The Super PACs are often run by a candidate’s former staffers or associates, who use the PAC to fund negative ads against the candidate’s opponents. A candidate’s own committee’s contributions are limited by federal law but Super PACs can legally accept unlimited donations.
Supporters of removing the ban say this ruling has allowed unlimited money from corporations to drown out other voices and have an undue influence on the outcome of elections. They argue that the idea that corporations are people and money is free speech is absurd.
Opponents of removing the ban say they support the Supreme Court decision and argued any restriction on donations is prohibited by the First Amendment. They argued that arbitrary donation limits would prevent information from reaching the public.
LIMIT CONSTITUTIONAL AMENDMENTS (H 65) – Prohibits initiative petitions from proposing a constitutional amendment that would restrict the constitutional right to freedom and equality, or the right of each individual to be protected by society in the enjoyment of life, liberty and property.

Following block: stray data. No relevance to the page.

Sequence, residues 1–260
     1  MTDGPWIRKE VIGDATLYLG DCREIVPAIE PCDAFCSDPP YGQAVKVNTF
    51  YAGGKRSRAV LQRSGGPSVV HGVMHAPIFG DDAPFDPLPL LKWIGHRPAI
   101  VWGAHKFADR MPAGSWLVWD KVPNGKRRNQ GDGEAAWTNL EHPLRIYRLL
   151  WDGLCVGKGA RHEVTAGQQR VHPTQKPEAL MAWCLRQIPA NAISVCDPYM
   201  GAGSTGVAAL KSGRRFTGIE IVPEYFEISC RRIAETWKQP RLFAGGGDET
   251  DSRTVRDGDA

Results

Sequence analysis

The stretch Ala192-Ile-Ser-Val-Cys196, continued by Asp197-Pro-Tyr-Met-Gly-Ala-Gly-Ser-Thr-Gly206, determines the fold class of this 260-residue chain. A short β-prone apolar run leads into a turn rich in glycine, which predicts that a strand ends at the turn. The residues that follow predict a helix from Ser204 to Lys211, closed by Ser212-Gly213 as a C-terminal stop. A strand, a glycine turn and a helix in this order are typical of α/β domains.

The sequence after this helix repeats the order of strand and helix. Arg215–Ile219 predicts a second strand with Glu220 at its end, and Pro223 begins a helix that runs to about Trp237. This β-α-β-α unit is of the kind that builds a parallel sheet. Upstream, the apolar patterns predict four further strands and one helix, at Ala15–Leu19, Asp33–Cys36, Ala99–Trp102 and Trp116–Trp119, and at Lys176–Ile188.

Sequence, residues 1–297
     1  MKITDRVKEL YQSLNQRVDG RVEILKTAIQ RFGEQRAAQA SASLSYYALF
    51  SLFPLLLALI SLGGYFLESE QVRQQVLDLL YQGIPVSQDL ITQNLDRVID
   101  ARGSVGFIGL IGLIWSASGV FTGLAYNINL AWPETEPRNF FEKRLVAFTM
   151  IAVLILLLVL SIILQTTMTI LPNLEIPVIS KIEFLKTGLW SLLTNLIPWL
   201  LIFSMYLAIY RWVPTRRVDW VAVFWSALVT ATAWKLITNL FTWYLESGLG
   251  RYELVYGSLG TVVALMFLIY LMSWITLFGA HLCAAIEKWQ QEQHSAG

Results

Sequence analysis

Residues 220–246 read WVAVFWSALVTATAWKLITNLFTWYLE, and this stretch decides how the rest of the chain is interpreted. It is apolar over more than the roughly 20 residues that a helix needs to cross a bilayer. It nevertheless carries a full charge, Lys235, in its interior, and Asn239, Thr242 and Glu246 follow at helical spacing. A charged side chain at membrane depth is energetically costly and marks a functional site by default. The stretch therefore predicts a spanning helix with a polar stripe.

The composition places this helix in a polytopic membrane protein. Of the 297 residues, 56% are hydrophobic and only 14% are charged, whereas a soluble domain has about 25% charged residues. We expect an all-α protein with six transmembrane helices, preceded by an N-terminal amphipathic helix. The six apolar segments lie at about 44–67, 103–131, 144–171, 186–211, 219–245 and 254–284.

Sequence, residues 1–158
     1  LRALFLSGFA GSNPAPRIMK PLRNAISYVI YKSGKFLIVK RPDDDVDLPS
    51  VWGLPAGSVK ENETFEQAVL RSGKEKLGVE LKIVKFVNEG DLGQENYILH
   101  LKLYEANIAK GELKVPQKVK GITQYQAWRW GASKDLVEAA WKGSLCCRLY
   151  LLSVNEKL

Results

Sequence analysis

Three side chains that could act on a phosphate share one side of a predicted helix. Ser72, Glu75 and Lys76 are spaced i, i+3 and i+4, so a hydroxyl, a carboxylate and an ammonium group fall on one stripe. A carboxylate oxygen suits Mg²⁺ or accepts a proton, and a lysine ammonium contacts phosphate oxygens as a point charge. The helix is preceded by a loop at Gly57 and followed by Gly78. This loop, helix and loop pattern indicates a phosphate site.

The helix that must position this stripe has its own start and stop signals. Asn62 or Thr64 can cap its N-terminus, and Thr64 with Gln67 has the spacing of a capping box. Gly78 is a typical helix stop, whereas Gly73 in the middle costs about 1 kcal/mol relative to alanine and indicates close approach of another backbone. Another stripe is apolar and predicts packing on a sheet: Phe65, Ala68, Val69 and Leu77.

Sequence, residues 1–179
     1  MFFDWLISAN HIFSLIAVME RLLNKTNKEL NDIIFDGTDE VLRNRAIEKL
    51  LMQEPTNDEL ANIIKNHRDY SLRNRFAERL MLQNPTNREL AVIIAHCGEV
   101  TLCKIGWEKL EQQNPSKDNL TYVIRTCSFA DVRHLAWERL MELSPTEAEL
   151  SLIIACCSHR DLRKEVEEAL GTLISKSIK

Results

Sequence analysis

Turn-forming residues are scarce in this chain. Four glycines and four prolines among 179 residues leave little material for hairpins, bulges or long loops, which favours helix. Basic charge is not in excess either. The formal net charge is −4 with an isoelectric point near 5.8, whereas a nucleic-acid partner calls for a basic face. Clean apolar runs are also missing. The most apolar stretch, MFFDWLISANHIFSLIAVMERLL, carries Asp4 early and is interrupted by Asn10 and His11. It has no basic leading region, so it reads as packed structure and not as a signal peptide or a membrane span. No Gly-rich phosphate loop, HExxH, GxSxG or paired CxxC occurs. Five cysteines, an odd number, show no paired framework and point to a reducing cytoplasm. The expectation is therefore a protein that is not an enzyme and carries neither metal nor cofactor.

Supporters say that this would ensure that amendments banning same-sex marriage, transgender rights and other equal rights would not become part of the constitution.
APPOINT A LIEUTENANT GOVERNOR (H 64) – Gives the power to the governor to appoint a lieutenant governor if that office becomes vacant by death, resignation, removal from office or permanent incapacity. The governor’s choice would be subject to the confirmation by a majority vote of both the House and Senate. Current law leaves the office vacant until the next election.
Supporters say it is unfair to leave this office vacant and note there are already existing provisions to fill vacancies in other statewide constitutional offices.
“It is my desire to do something. It is doubtful we could restore everything in full but at the very least I’d like to see us at least make partial restoration.”
House Speaker Robert DeLeo (D-Winthrop) on the question of whether the Legislature will move to restore some $98 million in budget cuts made by Gov. Baker in December.